The only true failure is REFUSING to learn from something that didn’t work and refusing to apply it moving forward.

Most other situations are disappointments or setbacks that can be overcome.


–Create objectivity



And then go on to create something wonderful!

Published in: on July 23, 2018 at 4:50 am  Comments Off on Mon. July 23, 2018: Dealing with Failure #UpbeatAuthors  
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Thursday, November 5, 2009

View of Adelphi Hotel, Saratoga Springs, NY

Thursday, November 5, 2009
Waning Moon
Neptune DIRECT
Uranus Retrograde
Cloudy and cold

I’ve got a detailed piece up on the SDR blog about how I use anthology calls as inspiration, breaking down the process. You might find it interesting. I wrote it as I worked on the stories mentioned over the course of the last few weeks — and forgot to schedule it to post while I was away yesterday. Ooops.

So, the Yankees won a World Series on their first year in the stadium. Good for them, fans are happy, I don’t follow baseball, so I can enjoy as a disinterested observer.

Not happy at all with the local election results. The town is moving back towards the petty small-mindedness that caused me to leave in the first place, years ago. Some elections were pretty galvanized, but around here — when you live in a town of somewhere between 15-20,000 and less than 4000 people vote, it’s a problem. So now I have to look at my overall life plan and switch a few things around, and then, as of tomorrow, put my head down and get back to some serious work.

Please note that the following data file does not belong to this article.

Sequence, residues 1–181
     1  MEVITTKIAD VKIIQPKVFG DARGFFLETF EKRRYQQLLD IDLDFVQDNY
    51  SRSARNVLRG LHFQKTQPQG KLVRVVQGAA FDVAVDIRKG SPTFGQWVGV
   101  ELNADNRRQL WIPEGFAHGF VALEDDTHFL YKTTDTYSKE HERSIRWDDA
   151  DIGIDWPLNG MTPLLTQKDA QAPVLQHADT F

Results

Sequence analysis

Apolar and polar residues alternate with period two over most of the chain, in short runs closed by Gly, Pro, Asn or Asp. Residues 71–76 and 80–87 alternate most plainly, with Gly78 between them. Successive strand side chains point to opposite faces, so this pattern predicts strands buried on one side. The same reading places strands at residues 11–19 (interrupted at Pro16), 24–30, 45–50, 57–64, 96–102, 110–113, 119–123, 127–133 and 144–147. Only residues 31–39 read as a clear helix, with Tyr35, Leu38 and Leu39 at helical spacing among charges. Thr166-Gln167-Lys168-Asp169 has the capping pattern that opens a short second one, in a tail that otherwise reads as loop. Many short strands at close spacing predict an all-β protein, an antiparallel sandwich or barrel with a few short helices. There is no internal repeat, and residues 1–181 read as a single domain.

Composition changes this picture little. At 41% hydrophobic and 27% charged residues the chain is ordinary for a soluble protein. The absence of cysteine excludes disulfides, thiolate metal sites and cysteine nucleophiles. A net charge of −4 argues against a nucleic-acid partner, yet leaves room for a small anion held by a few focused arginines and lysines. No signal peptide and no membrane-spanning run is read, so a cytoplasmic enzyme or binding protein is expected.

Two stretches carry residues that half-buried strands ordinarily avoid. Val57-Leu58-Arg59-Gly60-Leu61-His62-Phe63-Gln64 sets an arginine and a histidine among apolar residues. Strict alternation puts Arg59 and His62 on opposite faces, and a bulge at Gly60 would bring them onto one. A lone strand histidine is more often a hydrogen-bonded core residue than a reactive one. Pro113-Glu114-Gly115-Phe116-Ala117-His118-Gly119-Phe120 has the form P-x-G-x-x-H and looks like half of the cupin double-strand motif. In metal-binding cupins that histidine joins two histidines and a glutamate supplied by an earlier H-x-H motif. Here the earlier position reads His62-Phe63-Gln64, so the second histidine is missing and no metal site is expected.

I take away a few things about overall election results. First of all, these were local elections, and people dealt with the issues that affect their overall, every day lives Second, when you look at how many incumbents got a boot up the ass, people made it clear, “You had a chance. You didn’t listen. Buh-bye.” Which is the way it should be. It’s usually pretty hard to remove incumbents, and this time, it wasn’t. Whether I personally agree or disagree with an election result (unless it’s the one that affects my daily life), I do think it’s good that people are removing those they feel do not represent them. That’s why we have a voting process in place. I also have zero respect for people who can’t be bothered to vote. It takes five minutes.

I really don’t feel only two parties can represent the variety of viewpoints we have across the country. We truly need five or six legitimate parties, as they do in Britain and in other countries, so people aren’t forced to accept package deals and can really put individuals in place with more focused positions. You can’t please everyone and you shouldn’t. But voters shouldn’t be limited by having to pick from one or two individuals who have to bundle policy positions to try to fit a wide range.